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And now, the focus on Jin spoilerific section!

As mentioned in my last post, there will be lots of spoilers here, so if you want to maintain some surprises regarding Jin and his performance as Chikara, don't read this post until after you have seen the movie!


Our first sighting of Oishi Chikara is him hurrying into the Ako castle to tell Lady Mika that the Hunting party has returned. The doors open, and he comes through, followed by a few of Lady Mika's maids. He hurries towards her, kneels and says, “My Lady Mika, the hunting party has returned”...or something equivalent. The camera tracks with him, so it's a long, decent shot of Jin and we get a closeup for his line.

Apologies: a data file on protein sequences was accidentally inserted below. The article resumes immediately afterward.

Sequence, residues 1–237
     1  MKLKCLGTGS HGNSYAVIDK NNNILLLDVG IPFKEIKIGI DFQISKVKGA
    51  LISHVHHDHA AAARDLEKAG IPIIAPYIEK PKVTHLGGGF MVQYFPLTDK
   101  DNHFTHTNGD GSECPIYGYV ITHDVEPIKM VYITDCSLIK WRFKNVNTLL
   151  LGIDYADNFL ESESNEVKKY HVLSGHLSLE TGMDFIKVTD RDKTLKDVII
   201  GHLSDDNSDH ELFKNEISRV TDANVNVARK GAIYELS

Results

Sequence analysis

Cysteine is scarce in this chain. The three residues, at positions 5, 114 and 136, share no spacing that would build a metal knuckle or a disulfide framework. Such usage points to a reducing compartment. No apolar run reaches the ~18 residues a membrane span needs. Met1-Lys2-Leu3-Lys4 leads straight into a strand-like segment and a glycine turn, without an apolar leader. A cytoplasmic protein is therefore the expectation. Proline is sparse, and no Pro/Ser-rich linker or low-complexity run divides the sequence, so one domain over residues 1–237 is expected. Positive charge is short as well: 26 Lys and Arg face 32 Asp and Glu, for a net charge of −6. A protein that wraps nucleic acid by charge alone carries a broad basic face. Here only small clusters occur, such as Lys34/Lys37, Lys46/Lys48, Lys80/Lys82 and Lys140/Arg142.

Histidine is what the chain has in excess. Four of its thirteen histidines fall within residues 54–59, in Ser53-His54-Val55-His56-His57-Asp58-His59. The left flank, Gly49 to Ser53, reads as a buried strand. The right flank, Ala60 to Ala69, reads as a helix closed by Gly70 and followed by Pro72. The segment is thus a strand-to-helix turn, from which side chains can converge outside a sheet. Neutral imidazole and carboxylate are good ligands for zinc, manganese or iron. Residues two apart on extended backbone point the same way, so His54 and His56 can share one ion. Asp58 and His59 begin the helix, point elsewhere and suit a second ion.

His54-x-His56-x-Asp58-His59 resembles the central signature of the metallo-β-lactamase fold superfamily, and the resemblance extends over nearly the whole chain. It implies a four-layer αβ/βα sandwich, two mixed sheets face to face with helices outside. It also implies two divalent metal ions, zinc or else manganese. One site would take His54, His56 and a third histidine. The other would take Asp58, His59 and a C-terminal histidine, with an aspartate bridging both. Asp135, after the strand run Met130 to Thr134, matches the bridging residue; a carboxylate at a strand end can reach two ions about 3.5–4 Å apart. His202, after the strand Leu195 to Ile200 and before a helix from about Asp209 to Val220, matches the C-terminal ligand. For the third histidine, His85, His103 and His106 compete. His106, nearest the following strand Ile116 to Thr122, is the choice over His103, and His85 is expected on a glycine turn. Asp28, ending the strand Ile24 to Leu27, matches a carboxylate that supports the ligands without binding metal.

The next Chikara appearance is more of a reference. When his Father (Oishi) returns, his Mother (Riku) tells him that Chikara has been training very hard in order to make him proud. Oishi nods. We can see two figures sparring in the courtyard, but there is no closeup on Chikara.


The next Chikara appearance suggested that there was a previous scene that was cut short, or removed completely. After Kai has seen the witch, he goes to tell Oishi. In the film, Chikara is standing beside Kai, almost as if he had escorted him to see his Father. Oishi dismisses Chikara, and Chikara walks away, but is within earshot and thus hears the conversation between Kai and Oishi. He moves towards the camera, and is well lit, so again we get a long uninterrupted view of Chikara in this scene, but he has no dialogue in the released cut in this scene.